Research Papers:

Zoledronic acid inhibits macrophage/microglia-assisted breast cancer cell invasion

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Oncotarget. 2013; 4:1449-1460. https://doi.org/10.18632/oncotarget.1201

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Eva Rietkötter, Kerstin Menck, Annalen Bleckmann, Katja Farhat, Meike Schaffrinski, Matthias Schulz, Uwe-Karsten Hanisch, Claudia Binder and Tobias Pukrop _


Eva Rietkötter1, Kerstin Menck1, Annalen Bleckmann1,2, Katja Farhat3, Meike Schaffrinski1, Matthias Schulz1, Uwe-Karsten Hanisch4, Claudia Binder1, Tobias Pukrop1

1 Department of Hematology/Oncology, University Medical Center, 37099 Göttingen, Germany

2 Department of Medical Statistics, University Medical Center, 37099 Göttingen, Germany

3 Department of Cardiovascular Physiology, University Medical Center, 37099 Göttingen, Germany

4 Institute of Neuropathology, University Medical Center, 37099 Göttingen, Germany


Tobias Pukrop, email:

Keywords: Zoledronic acid, macrophages, microglia, metastasis, tumor microenvironment

Received: July 23, 2013 Accepted: August 17, 2013 Published: August 19, 2013


The bisphosphonate zoledronic acid (ZA) significantly reduces complications of bone metastasis by inhibiting resident macrophages, the osteoclasts. Recent clinical trials indicate additional anti-metastatic effects of ZA outside the bone. However, which step of metastasis is influenced and whether thisis due to directtoxicity on cancer cells or inhibition of the tumor promoting microenvironment, is unknown. In particular, tumor-associated and resident macrophages support each step of organ metastasis and could be a crucial target of ZA.

Thus, we comparatively investigate the ZA effects on: i) different types of macrophages, ii) on breast cancer cells but also iii) on macrophage-induced invasion. We demonstrate that ZA concentrations reflecting the plasma level affected viability of human macrophages, murine bone marrow-derived macrophages as well as their resident brain equivalents, the microglia, while it did not influence the tested cancer cells. However, the effects on the macrophages subsequently reduced the macrophage/microglia-induced invasiveness of the cancer cells.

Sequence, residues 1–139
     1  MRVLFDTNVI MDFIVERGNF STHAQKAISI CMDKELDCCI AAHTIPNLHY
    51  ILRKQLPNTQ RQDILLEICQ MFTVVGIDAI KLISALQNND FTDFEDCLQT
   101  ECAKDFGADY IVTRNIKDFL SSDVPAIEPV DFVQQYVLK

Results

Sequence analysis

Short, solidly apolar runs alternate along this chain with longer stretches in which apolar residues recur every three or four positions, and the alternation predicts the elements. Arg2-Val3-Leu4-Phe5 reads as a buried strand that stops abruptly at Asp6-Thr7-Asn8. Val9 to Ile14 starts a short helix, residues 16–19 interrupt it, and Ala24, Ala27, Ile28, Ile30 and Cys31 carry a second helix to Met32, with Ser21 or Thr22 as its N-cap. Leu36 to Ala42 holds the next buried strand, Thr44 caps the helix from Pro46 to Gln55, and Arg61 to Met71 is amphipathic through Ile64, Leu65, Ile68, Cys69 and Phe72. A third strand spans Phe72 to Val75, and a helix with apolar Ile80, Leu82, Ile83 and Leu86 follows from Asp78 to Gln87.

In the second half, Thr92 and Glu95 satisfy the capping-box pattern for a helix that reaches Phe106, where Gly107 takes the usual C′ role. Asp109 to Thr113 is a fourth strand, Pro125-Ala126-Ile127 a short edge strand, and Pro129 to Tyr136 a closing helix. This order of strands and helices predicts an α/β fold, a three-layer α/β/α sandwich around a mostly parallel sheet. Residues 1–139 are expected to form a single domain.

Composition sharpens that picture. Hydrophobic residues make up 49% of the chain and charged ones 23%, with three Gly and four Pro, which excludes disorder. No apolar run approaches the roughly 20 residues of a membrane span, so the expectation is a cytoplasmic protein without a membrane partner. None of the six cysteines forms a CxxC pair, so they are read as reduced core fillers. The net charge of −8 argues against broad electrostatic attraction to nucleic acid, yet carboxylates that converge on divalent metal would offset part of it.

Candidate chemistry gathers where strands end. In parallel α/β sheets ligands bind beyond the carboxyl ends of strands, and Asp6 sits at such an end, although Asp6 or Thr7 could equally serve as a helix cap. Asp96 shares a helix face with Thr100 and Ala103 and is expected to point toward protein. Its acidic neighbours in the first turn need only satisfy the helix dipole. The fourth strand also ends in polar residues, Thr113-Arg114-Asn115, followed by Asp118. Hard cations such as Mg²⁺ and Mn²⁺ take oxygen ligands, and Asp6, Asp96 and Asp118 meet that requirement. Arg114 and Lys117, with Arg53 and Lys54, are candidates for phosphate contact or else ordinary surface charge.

In line with this, manipulation of microglia by ZA in organotypic brain slice cocultures reduced the tissue invasion by carcinoma cells. The characterization of human macrophages after ZA treatment revealed a phenotype/response shift, in particular after external stimulation.

In conclusion, we show that therapeutic concentrations of ZA affect all types of macrophages but not the cancer cells. Thus, anti-metastatic effects of ZA are predominantly caused by modulating the microenvironment. Most importantly, our findings demonstrate that ZA reduced microglia-assisted invasion of cancer cells to the brain tissue, indicating a potential therapeutic role in the prevention of cerebral metastasis.



Zoledronic acid (ZA) demonstrated in pre-clinical studies as well as clinical trials anti-metastatic activity during different steps of tumor progression. Several clinical trials analyzed the effects of ZA on overall survival of breast cancer patients. Both, the ABCSG-12 trial as well as the ZO-FAST trial revealed an increased disease-free survival of patients receiving an adjuvant therapy in combination with ZA [1, 2]. In the AZURE trial a tendency to an increased overall-survival of patients treated with an adjuvant therapy in combination with ZA, compared to the adjuvant therapy alone, was identified [2]. Interestingly, the analysis of a subgroup of patients receiving neo-adjuvant chemotherapy together with ZA demonstrated a significant decrease in the primary tumor mass compared to the neo-adjuvant chemotherapy alone [3].